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© Jinyong Ha, Sejong University

Our digital everyday helpers, from smartphones to room thermostats, are becoming more and more powerful. How can the resulting hunger for energy be satisfied without annoying cables? Batteries that suck themselves up inductively on a charging pad or switches that harvest enough energy for a radio signal from actuation are already a welcome reality. Now a team of researchers at Sejong University in Seoul (South Korea) has made another advance in wireless energy transmission: There, a system was developed that uses infrared light to send high amounts of energy safely over longer distances.

In the journal “Optics Express”, the team describes laboratory tests in which their system transmits 400 mW of light power over distances of up to 30 metres – enough to charge a hard-to-reach mounted sensor, for example. The next step would be to increase the power to a level sufficient to charge mobile devices such as smartphones.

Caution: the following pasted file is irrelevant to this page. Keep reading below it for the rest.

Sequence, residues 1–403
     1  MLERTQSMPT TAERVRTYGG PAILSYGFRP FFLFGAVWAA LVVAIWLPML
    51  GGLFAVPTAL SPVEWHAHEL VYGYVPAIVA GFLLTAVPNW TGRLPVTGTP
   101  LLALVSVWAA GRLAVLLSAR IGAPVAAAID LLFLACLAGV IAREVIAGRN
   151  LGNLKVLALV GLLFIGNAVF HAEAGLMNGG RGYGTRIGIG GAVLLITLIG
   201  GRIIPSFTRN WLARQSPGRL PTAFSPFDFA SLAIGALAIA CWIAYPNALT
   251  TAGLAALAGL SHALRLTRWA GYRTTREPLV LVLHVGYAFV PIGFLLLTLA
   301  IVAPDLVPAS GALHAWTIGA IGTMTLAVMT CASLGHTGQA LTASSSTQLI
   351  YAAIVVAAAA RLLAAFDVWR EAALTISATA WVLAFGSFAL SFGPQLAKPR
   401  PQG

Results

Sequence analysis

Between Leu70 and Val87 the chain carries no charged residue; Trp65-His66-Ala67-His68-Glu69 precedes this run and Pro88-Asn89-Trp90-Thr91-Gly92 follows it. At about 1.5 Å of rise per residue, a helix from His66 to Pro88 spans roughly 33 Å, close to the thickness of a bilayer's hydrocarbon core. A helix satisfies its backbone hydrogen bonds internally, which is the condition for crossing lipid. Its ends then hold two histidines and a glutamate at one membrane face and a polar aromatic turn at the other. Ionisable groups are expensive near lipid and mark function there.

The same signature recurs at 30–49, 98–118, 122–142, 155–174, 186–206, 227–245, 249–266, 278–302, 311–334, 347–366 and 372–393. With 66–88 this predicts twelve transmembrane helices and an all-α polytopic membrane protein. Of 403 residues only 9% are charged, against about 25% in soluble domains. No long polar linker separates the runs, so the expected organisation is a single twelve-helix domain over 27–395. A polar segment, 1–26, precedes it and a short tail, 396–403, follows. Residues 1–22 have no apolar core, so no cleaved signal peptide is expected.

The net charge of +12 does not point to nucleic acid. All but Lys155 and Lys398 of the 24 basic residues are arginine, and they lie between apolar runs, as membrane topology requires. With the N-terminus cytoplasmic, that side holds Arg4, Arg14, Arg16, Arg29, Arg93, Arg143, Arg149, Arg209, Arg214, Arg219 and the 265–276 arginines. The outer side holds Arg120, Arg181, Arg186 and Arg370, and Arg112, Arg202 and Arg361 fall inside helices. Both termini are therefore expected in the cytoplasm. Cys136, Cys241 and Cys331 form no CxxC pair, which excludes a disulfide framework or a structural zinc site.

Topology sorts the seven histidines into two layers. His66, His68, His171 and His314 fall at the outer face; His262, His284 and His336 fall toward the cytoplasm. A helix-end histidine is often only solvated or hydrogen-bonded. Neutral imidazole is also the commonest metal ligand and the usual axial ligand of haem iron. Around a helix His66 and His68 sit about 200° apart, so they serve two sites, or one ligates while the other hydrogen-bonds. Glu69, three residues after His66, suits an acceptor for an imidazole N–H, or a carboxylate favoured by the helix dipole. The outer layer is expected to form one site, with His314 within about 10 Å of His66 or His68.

The magic word behind this research success is “distributed laser charging”. For this, the researchers used an erbium infrared laser as the transmitter, which radiates at a wavelength of 1550 nanometres – a spectral range that poses no danger to humans at the low power levels. On the receiver part, a special spherical lens ensures maximum efficiency in capturing the infrared beam. “Distributed laser charging enables self-alignment without tracking processes as long as the transmitter and receiver have line-of-sight,” explains research team leader Jinyong Ha: “It also automatically switches to a safe low-power mode whenever an object or person blocks the connection.” In addition to consumer products, the engineer sees great application potential for IoT sensors, for example in industrial automation.

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